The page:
In July 2010, chemical substances showed up in the blood examination of BP cleaning personnel. The inhabitants of Florida, Mississippi, Louisiana, and Alabama, also faced the same contamination. Environmental expert Wilma Subra said that the incidence of these substances in the blood shows exposure. Thus pollution harmed the health of both workers and locals. 

Riki Ott, a marine toxicologist with an understanding of the Exxon Valdez oil spill warned families to vacate the Gulf. She said that employees from the Valdez spill had suffered long-term health effects.

A 2012 review of the health effects of the spill on cleanup staff noted eye, nose, and throat irritation. Moreover, there were breathing problems, blood in urine, puke, and rectal hemorrhage along with many other problems.

Dr. James Diaz, from the American Journal of Disaster Medicine, stated the illnesses in the Gulf matched those of oil spills, like the Exxon Valdez. Diaz further considers neurological syndromes are common in such situations.

More than a third of the parents reported physical or mental health symptoms among their children living less than ten miles from shore. 

Parents reported mysterious signs among their children, comprising nose bleeds, bleeding ears, and the early commencement of menstruation in girls.

A research studied the health effects amongst children in Florida and Louisiana. In this study:

  • More than a third of the parents reported physical or mental health symptoms among their children living less than ten miles from shore.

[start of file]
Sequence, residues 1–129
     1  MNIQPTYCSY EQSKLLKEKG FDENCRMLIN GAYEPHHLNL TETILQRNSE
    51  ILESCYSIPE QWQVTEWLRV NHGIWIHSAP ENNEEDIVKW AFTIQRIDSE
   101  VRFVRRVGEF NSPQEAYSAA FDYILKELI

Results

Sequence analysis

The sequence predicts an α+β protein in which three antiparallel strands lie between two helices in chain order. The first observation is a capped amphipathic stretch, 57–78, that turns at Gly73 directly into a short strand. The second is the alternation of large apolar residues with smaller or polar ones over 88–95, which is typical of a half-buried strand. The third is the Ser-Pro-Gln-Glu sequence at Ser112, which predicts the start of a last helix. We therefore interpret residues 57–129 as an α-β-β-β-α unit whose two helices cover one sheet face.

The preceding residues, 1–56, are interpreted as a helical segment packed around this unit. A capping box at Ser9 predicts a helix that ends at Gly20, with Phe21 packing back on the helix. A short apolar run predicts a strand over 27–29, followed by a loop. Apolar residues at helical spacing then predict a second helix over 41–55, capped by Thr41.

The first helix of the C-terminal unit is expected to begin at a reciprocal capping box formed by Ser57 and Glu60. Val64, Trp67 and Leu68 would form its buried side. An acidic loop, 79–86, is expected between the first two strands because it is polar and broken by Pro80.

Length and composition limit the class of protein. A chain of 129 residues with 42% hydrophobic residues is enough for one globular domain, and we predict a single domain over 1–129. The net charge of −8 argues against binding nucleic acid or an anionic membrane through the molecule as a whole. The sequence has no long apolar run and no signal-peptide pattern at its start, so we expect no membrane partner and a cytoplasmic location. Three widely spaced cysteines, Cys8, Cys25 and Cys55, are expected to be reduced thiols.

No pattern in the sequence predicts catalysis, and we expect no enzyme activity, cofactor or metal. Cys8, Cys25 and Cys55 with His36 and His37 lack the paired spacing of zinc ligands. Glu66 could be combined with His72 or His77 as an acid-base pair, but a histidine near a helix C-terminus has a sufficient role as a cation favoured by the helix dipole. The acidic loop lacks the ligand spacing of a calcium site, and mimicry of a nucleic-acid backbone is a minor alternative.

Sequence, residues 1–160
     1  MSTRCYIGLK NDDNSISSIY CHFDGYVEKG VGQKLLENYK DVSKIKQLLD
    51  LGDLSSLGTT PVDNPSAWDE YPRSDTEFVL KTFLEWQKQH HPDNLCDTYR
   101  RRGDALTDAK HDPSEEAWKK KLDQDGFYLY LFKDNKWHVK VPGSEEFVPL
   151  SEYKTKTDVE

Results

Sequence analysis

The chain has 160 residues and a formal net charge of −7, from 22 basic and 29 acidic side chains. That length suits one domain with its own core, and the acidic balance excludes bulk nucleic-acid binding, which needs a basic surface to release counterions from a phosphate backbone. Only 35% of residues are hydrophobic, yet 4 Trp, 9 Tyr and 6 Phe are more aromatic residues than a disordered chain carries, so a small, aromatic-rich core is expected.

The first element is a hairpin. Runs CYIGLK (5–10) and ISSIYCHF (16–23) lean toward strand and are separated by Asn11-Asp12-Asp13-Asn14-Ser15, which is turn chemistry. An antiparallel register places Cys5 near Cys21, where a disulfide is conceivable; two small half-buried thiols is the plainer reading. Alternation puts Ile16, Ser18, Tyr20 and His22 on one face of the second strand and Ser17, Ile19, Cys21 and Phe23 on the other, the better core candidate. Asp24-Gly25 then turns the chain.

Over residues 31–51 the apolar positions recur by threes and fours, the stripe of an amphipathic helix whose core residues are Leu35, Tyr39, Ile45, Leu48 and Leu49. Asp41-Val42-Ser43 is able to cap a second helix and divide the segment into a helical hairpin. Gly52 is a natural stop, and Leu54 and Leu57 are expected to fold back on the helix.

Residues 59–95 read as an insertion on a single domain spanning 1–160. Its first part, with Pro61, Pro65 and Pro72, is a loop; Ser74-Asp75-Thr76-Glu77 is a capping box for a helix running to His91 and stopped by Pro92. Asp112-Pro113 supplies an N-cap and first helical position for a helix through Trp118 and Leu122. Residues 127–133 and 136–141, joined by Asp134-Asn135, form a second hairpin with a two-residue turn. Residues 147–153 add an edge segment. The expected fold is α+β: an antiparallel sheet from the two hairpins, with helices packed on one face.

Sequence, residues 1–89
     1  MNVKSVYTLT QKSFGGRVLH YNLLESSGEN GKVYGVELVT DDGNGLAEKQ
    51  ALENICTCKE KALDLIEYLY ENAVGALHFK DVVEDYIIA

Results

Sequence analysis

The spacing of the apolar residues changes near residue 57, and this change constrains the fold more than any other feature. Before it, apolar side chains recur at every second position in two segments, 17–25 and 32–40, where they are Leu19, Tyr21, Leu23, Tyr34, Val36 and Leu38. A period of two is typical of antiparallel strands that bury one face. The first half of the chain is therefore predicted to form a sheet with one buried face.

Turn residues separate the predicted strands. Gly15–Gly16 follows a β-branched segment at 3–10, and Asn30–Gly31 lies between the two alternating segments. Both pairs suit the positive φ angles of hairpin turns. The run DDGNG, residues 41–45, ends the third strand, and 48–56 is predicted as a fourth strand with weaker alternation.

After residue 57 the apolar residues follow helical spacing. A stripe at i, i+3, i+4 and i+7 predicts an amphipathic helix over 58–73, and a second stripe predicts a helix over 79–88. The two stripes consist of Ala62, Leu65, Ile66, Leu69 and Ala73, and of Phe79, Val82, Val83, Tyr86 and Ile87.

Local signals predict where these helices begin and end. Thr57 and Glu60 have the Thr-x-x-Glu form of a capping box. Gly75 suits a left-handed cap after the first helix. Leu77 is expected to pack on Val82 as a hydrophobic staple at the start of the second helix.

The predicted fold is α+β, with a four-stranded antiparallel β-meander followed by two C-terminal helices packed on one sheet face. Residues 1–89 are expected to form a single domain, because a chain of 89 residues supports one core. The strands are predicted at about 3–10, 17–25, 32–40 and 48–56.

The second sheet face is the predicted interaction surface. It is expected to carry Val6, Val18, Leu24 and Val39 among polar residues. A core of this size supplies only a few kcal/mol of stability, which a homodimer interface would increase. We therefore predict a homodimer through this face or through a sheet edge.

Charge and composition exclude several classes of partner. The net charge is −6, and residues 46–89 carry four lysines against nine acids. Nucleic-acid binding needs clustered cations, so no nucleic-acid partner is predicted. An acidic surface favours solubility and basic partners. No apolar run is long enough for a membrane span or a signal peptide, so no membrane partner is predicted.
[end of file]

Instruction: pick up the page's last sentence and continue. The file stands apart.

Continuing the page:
• Parents reported mysterious signs among their children. These included nose bleeds, bleeding ears, and the early commencement of menstruation in girls.
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2. Economy

The spill had a severe economic effect on BP as well as the Gulf Coast’s economic segments such as offshore drilling, fishing, and tourism.

BP’s expenses on the spill comprised several sectors. These included expenditures on the relief effort, well drilling, spill response, and control. Also, there were donations to the Gulf States, claims paid, and state costs as well as penalties and fines.

How Was The Deepwater Oil Spill Cleaned Up?

The major plans for resolving the spill effects were containment, dispersal, and removal. In 2010, 7,000 vessels and almost 47,000 people participated in the mission. As of January 2013, 935 workers were still included.